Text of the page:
America once again finds itself embroiled in a ferocious debate over war and peace.
Should we, as a society, commit acts of violence against a nefarious regime on the far side of the planet — particularly given Syria’s apparent use of chemical weapons against civilians?
Or should be step aside and allow the civil war there to unfold without American intervention?
This is a complicated, painful and fraught conversation, especially given that we got so much wrong in the build-up to the Iraq war.
During the build-up to that nightmarish, misguided conflict, journalists missed or ignored key voices.
In particular, we as a professional tribe minimized the voices of peace activists who might have offered crucial context about the risks and costs of going to war.
In hindsight, of course, it turned out that those faint, critical and skeptical voices were absolutely correct about many things. The Iraq War was one of the great foreign policy blunders of modern times.
This isn’t to say that I think that opponents of military intervention in Syria are correct this time.
When Noam Chomsky argued this week that a US action would be tantamount to a “war crime” without authorization by the United Nations, that struck me as simplistic.
The UN is immobilized not because of moral qualms about armed aggression, but because Russia, one of Syria’s key allies and itself an aggressive imperial power, is blocking serious debate within that body.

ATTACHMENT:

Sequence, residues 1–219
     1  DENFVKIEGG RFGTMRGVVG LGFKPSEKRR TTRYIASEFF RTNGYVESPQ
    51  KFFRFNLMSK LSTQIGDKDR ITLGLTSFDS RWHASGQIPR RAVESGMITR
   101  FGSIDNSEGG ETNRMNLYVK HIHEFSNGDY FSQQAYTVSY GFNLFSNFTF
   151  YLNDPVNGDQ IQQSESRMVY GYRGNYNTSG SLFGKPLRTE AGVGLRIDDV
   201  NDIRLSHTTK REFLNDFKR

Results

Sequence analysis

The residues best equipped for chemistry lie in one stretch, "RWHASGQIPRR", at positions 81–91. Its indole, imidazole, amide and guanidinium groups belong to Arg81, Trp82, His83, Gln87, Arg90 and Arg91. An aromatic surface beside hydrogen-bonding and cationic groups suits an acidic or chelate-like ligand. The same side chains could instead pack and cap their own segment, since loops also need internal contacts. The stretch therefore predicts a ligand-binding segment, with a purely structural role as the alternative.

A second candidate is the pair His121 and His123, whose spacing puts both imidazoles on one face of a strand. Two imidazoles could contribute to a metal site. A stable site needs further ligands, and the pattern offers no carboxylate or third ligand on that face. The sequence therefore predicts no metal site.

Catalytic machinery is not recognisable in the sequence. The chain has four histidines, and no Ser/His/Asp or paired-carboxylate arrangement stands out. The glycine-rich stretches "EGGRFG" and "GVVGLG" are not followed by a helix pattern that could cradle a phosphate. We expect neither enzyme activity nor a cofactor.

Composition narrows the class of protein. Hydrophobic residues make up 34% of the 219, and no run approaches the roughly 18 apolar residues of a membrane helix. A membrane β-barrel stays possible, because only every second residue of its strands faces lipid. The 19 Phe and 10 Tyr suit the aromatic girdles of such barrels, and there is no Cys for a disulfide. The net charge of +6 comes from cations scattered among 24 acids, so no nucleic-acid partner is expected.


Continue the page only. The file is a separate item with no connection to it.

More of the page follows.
Russia, it should be noted, has done nothing to reign in Syria’s brutal regime.
But Chomsky, like other “peace experts” deserves a central role in the discussion. He should be questioned forcefully and thoroughly and skeptically, as should other knowledgeable policy advocates who oppose a strike.
We know from experience that the strong tendency is to fill the interview programs and news-hours with former generals, former military and intelligence professionals.
And we know from experience that those individuals, while informative and usually well-meaning, offer only a part of the picture.
We also know from experience that the tendency among journalist is to interview peace advocates only for their emotional energy, their protest chants, their broad-brush statements.
This time, we need a full, intensive and skeptical treatment of the views held on all sides. It’s not okay to treat one side as the “grown-ups” and the other side as the noisy idealists.
It’s also not enough to allow peace activists to state broad ideological opposition to military action, without questioning them aggressively about what they view as alternatives in Syria, where civilians — including children — are suffering horribly.
Before we begin dropping bombs on another nation, we need to hear from the Cassandras among us who were ignored at great cost last time the drums of war were sounding.
They may be right or wrong, but their voices and doubts should be heard with respect – and it’s the job of journalists to make sure that happens this time around.